tommasi profilo
  • Born in Pietrasanta, Lucca, Italy in 1903
  • Died in Pietrasanta, Lucca, Italy in 1965
  • Nationality: Italian
  • website:

After leaving the Fine Arts School of Pietrasanta (1918-1921), he attended the Academy of Fine Arts in Rome, where he met Angelo Zanelli: a meeting that contributed significantly to his formation. He moved to Milan where he graduated in 1926 under Achille Alberti from the Academy of Fine Arts of Brera and won the “Level I Competition” for the Pensionato Artistico Nazionale, which was not awarded that year for political reasons.

After returning to Pietrasanta in 1927, he married Carolina Ferroni and had four children with her. He taught at the “Stagio Stagi” Art Institute for twenty years and created his works in his studio, although he also availed himself of the Bovecchi, Henraux, Lapis, Cav. Ferdinando Palla, Santoli and Rovai, Battista Vannucci and Emilio Buratti laboratories, as well as the Antonio Castaman and Paolo Favret laboratories for his mosaics. Naturally, he also used the Laboratory and Foundry of his son Luigi Tommasi. He called on additional skilled workforce when receiving large commissions: for example, during the thirties he was commissioned to make five large statues in a week so he called Urbano Buratti and Guido Bresciani to work with him in his studio.

He seldom left Versilia, only for business travel, such as the journey to Argentina in 1950-1954 for the “monumental sculptures of the Social Aid Building”, the “Monument to Eva Peron” project, the monumental complex at the Descamisado and the “Portrait of Cardinal Copello”.
He led an intentionally isolated life, keeping away from official art which he did not approve of. For this reason, he rarely took part in exhibitions. Among these, the group exhibition “Artisti Versiliesi a Seravezza” in 1936 and “Mostra del Fiorino” at Palazzo Strozzi in Florence (1962 and 1965), the city where a posthumous exhibition was staged at the Academy of Drawing Arts, displaying the many plaster casts preserved at the Maquettes Museum of Pietrasanta.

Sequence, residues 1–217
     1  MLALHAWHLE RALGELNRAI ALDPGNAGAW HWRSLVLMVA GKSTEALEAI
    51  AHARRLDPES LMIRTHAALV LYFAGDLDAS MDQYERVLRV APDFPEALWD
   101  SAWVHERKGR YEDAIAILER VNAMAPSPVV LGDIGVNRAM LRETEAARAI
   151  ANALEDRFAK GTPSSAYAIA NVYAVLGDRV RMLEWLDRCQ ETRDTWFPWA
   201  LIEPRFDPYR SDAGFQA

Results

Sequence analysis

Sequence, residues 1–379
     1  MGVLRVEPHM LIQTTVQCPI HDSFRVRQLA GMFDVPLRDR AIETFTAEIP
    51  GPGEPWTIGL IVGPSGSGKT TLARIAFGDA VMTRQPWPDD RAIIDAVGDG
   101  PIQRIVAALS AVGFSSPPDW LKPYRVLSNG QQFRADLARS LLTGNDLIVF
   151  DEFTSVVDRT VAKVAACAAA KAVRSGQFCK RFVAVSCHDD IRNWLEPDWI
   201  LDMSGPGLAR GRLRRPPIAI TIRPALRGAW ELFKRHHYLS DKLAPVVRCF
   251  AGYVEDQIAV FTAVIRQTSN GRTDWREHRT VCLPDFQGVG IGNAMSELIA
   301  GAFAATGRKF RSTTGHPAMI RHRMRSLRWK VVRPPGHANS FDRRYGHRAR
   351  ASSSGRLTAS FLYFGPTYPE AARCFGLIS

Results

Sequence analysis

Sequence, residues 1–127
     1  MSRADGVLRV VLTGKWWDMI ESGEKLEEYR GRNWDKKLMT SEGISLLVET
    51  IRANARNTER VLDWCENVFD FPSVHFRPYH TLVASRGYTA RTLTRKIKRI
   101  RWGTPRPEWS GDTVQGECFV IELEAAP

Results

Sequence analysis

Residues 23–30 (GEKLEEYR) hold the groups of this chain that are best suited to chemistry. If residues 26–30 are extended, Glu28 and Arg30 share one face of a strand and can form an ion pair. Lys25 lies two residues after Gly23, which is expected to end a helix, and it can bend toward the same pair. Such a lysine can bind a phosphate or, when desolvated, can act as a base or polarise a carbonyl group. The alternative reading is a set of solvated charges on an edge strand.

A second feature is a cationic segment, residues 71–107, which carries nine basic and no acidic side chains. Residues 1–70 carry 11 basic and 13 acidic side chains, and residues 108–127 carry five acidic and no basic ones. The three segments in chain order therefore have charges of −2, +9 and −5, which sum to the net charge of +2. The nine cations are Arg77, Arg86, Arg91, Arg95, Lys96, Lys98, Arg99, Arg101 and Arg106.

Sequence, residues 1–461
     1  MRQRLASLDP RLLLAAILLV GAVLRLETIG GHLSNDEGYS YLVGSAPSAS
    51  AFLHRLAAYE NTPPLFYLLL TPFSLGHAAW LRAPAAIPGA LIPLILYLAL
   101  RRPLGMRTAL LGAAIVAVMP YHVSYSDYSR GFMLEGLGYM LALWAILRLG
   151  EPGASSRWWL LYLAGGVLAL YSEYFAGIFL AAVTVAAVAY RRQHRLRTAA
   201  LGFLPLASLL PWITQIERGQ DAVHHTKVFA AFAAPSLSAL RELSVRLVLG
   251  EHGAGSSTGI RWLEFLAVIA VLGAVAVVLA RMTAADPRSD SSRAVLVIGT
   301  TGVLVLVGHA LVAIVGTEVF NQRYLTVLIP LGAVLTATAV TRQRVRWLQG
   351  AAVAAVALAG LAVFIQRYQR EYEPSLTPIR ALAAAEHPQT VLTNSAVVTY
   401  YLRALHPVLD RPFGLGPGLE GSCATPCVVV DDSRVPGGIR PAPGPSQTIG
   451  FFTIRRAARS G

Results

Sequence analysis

He was highly renowned for his religious and commemorative creations, especially thanks to his marble and bronze works found throughout the world, such as: “Saint John the Baptist”, bronze, Adelaide Cathedral, Australia; “high-relief, marble, Altar of St. Anne, Scherbrute Cathedral, United States; “Monument to Simón Bolívar”, Santa Marta, Colombia; “San Giovanni Evangelista”, marble, Messina Cathedral; “torie di Sant’Agata”, bas-reliefs, Catania Cathedral; “Monumento Podestà”, Staglieno Cemetery, Genoa; “War Memorial”, San Fili; “Baptismal Font”, Chiesa della Madonna, Livorno (1921).
Among his works preserved in Versilia: “six sculptures”, marble, facade, Chiesa di San Paolino, Viareggio; cycle of “bas-reliefs”, bronze, altarpiece, Cappella della Madonna del Sole, Duomo, Pietrasanta; “Madonna del Cavatore”, Tacca Bianca, Monte Altissimo (1946); “Crocifisso, Chiesa del Sacro Cuore di Gesù, Fiumetto, Marina di Pietrasanta; “S. Pellegrino e Madonna della Neve”, bronze, Chiesa di Minazzana; “Self-portrait”, bronze, Azzano (1974).
A number of posthumous exhibitions held in the Apuan-Versilian area were dedicated to him – “I Tommasi”, Palazzo Mediceo, Seravezza (1983); “Leone Tommasi/1903-1965”, “L. Russo” Cultural Centre, Pietrasanta (1986) – and his works were displayed in various shows, such as: “La Versilia e il marmo”, “L. Russo” Cultural Centre, Pietrasanta (winner, 1997); “Il passato e la presenza”, II ed., “L. Russo” Cultural Centre, Pietrasanta (1983); “La veste del vuoto”, Pietrasanta (1993); “100 years of the National Sculpture Society of the USA in Italy”, Palazzo Mediceo, Seravezza (1994); “Omaggio dell’arte alla Vergine Maria”, Convento S. Francesco, Pietrasanta (2000); “Pittura e realtà, 1900-1999”, Musei Civici, Villa Paolina Bonaparte, Viareggio (2008).